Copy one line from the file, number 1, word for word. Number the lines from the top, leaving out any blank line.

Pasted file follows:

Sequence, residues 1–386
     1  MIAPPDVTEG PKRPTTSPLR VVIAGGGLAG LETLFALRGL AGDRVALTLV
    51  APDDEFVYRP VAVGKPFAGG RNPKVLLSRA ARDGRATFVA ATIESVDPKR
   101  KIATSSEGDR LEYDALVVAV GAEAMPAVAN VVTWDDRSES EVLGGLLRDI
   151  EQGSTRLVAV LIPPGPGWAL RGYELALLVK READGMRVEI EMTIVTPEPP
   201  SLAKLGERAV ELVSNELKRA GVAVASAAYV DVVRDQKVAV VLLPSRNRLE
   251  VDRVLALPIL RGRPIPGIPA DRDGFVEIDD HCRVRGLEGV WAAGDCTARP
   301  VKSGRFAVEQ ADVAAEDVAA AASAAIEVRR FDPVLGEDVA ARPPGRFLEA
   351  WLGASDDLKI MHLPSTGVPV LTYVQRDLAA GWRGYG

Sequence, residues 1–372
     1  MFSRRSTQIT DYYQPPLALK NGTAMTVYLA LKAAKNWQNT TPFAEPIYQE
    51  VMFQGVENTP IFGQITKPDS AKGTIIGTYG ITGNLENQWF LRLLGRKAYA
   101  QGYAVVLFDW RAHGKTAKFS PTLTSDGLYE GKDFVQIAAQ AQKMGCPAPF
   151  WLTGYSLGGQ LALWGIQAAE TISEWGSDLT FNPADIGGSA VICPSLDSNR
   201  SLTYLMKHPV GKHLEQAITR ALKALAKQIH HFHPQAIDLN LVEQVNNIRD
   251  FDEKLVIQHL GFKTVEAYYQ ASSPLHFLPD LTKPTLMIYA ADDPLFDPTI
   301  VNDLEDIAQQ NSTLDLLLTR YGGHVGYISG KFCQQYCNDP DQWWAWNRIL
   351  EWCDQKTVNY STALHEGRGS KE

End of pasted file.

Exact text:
Sequence, residues 1–386